Futile Scribbles in the Margins of History
Chief Opinay and Chief Administrator C.J. Schneider, Baliem Valley, Dutch New-Guinea.
National Geographic Magazine, May, 1962.
Photo by John Scofield
the decor is Berlin, New York or the Dutch village Lutten (in the novel Quadriga, 2010; the novella Tabee, New York, 1974; and the short story ‘De verovering van Bandung’ in the collection Zaken overzee, 1977, respectively) he succeeds in adding an exotic tone. The author lived in most of these places for a long time, either in his youth or, later, as a diplomat.
The Baliem Valley had only been under Dutch authority for a short while when Springer became the chief administrator (which he was from 1960 to 1962). The clash between the Stone Age and the twentieth century that he experienced at first hand there is the theme of some of his work: the novella Schimmen rond de Parula (1966), for example, in which the converts made by an American missionary take his message so literally that they crucify him; and his post-humously published novel Met stille trom (2012) - which he actually wrote in 1962 - in which an American anthropologist who wants to allow the original inhabitants to keep their own rituals, including regular tribal wars, clashes with the Dutch authorities. The confrontation between such radically different times and cultures forms a core motif in Springer's work: mutatis mutandis everyone lives in different worlds simultaneously; the tragedy of life is that one seldom or never succeeds in reconciling these worlds with each other.
Two types of characters stand out in his work as far as that is concerned: the escapist and the braggart. Various characters escape from the inclemencies of life in illusions. Sometimes they literally step out of life or disappear without a trace; often they sacrifice hard reality to their imagination. The businessman Charles Enders in Quissama (1985) is an example of the latter. He neglects his exploration of the Angolan market because he is completely absorbed by the stories of an impossible love told to him by a fellow countryman who has, in the meantime, tragically died. This is a character who can count one hundred percent on Springer's sympathy. Those who sell their dreams as their successes, on the other hand, do not come off well in Springer's work. In almost every novel there are braggarts like this, braggarts who end up hitting rock-bottom.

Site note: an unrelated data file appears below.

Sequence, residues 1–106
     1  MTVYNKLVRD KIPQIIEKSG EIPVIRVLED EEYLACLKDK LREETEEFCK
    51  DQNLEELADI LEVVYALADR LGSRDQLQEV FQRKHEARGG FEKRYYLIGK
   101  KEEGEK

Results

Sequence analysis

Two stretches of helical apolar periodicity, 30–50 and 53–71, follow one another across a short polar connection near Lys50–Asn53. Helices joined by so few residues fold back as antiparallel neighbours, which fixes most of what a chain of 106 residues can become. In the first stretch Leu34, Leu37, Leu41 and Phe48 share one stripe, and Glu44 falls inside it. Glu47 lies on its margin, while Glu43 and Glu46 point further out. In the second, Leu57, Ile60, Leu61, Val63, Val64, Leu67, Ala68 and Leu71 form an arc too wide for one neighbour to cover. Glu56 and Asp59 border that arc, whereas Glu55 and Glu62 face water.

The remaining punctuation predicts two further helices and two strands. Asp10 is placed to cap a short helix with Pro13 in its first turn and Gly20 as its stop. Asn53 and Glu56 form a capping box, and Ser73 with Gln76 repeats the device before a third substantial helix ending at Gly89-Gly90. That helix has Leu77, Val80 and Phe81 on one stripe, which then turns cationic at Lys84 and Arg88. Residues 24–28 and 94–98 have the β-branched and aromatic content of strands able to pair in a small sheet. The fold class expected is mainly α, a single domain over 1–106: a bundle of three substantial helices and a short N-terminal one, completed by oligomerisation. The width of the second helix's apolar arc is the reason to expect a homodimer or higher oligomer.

Springer is not the type of writer that expressly engages with social or political standpoints; his engagement is in the first instance with the individual that stands his ground in the world by following his dreams. At the same time the realisation that many people cannot hang on to those dreams permeates his work; it is teeming with missed opportunities. Nonetheless, in Met stille trom, for example, he makes it clear between the lines that he does believe that the Western ideal of civilisation is right for those still living in the Stone Age. From the fact that his administrators and diplomats generally go about their work without complaining, we can infer that he also believes that they make a useful contribution to the relations between different peoples. But Springer would never use that type of language (‘make a useful contribution’). He prefers ‘playing embassy’ and ‘futile scribbles in the margins of history’
In addition to being civil servants, diplomats or businessmen, many of Springer's main characters are, or are forced to become, writers. While writing seems to come easily to them in everyday life (they ‘bang out’ their reports because they know pretty much what their superiors want to read), it is quite the opposite with their personal writing. It might look as if it has been put together casually, but in fact it is all about sharp phrasing and vivid characterisation, as is the case with his much admired examples. A familiar technique in Springer's work is the comparison of events with scenes from films and characters with film stars; or one hears a song in a scene that adds to the atmosphere - casual manipulations whereby the imagination strengthens the illusion of reality.